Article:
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Day 7 - You Make the Rules

Running your web site on XOOPS gives you the flexibility to edit and maintain your content from any web browser, to provide custom content for different user groups, and to have interaction with your user community. This is both one of the biggest attractions of the web, and also (can be) one of the biggest challenges of maintaining a site. Having some clear rules and guidelines for users from the beginning helps a great deal.

We still need to complete our configuration of the System Preferences, specifically the User Info Settings and Mail Setup. Let's go to the User Info Settings next.

First, decide whether you will allow new users to sign up for your site. If you plan on having a pretty static site, perhaps providing logins isn't going to be necessary. Maybe you want to create logins yourself. But, if you've gotten this far in setting up a Xoops-based site, you will be accepting new registrations.

Next option - username minimum length and minimum password length. Best practice here - accept the default for username, but increase the minimum password length to at least 6 characters, preferably more.

Skip the next few options and go down to the strictness for username filtering - Strict is the default and will work best for most cases. Then a few more down is the username 'blacklist'. Enter a list of names you will NOT allow as usernames on your site. If you don't know what REGEX is, don't worry, it is just a method of expressing patterns instead of exact matches. The same goes for the email restrictions.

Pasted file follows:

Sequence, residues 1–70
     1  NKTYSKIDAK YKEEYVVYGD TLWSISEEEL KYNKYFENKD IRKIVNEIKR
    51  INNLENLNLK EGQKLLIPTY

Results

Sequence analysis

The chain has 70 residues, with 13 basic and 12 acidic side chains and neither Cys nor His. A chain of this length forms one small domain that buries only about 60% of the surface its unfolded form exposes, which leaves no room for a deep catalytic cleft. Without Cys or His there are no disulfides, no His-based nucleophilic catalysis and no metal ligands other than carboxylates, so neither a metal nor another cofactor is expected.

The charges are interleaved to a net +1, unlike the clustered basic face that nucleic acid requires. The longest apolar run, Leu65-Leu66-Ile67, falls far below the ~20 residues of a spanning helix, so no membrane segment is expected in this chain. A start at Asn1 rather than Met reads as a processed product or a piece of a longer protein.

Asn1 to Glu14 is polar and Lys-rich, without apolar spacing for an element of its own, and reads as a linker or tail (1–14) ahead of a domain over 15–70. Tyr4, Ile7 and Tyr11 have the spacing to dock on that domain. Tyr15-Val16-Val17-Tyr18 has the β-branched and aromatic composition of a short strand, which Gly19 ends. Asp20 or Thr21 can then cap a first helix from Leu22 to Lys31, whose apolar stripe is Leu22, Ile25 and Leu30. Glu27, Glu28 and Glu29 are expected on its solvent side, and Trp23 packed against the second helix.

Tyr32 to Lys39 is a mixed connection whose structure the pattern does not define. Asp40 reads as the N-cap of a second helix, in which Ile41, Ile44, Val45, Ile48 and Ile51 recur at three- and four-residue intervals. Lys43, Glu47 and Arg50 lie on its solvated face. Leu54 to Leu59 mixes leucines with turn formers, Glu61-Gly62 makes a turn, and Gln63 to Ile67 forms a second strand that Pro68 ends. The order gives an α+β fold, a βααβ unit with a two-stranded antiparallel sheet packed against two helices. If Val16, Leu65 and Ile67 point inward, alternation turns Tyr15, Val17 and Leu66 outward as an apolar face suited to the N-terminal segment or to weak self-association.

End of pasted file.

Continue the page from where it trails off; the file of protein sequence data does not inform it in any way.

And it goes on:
Now go back up the page to the notification and activation options. You will have to decide how involved you want to be with the whole registration process. Once people register, their accounts need to be activated.

Automatic activation is the simplest - as soon as they submit their registration their account is activated. You could get a lot of automated (spam) registrations with this option, so it is not recommended without a lot of thought to how the rest of your site is controlled.

User activation requires minimum attention on your part because new users will receive an email with a link to activate their account. This at least verifies their email address before they can activate.